Pilotless drones will be tested in the UK in the new year in a step toward making Amazon-type deliveries by air a reality.
An official trial will see an unmanned small aircraft tested beyond an operator's visual line of sight, which is currently banned under normal aviation rules.
According to the Times, an operator in a control room "will monitor semi autonomous drones being flown 50 miles away, initially carrying out inspections on construction sites" in an advanced evaluation in February.
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Earlier this month, the Civil Aviation Authority (CAA) published a guide aimed at making unmanned drone flights an "everyday occurrence".
Benefits could include drone parcel deliveries, long-distance aerial surveys of infrastructure and construction, and surveying the scenes of accidents and crimes, it said.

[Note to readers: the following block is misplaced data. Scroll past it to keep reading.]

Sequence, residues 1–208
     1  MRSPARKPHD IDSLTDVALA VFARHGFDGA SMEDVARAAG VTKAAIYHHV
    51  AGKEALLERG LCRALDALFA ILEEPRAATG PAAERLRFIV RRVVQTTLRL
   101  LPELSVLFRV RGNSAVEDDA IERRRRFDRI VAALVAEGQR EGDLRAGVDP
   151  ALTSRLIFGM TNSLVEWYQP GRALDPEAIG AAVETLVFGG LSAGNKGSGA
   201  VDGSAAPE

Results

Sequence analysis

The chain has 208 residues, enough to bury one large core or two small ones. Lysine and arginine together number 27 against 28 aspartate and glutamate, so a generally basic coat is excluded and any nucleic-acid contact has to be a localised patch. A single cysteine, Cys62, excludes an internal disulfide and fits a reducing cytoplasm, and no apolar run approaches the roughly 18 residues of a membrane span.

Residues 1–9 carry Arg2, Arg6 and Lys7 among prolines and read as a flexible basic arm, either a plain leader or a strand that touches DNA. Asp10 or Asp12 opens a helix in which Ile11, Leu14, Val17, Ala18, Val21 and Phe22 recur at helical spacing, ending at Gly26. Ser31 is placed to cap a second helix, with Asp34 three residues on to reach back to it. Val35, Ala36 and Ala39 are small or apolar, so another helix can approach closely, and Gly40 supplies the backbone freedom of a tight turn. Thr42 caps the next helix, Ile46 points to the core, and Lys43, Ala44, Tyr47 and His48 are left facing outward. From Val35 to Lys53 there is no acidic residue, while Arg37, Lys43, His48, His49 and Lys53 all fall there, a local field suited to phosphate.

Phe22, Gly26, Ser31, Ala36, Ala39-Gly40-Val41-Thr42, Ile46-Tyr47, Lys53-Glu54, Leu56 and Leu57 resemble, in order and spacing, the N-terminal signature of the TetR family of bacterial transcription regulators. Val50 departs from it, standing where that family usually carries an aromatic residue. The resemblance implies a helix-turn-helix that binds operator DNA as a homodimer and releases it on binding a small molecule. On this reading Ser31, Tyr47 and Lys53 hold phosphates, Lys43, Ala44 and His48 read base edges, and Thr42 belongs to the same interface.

Currently, drone owners cannot fly above an altitude of 400 ft and must keep the aircraft within their direct line of sight so it does not collide with other aircraft.
The Times reported West Sussex-based company Sees.ai would carry out the trial in February at a Skanska construction site in February using a DJI S900 drone inspecting work for engineers and architects.
The CAA has confirmed sees.ai is developing technology for unmanned drone operations and said tests were planned with companies including Skanska.
David Tait, from the CAA, said earlier this month: "Enabling everyday drone flying beyond visual line of sight is a game changer, providing the opportunity for unmanned vehicles to monitor critical infrastructure, make deliveries and support our daily lives in an efficient and environmentally friendly way."
"We are now working closely with some of the world's leading innovators to make these amazing possibilities a reality."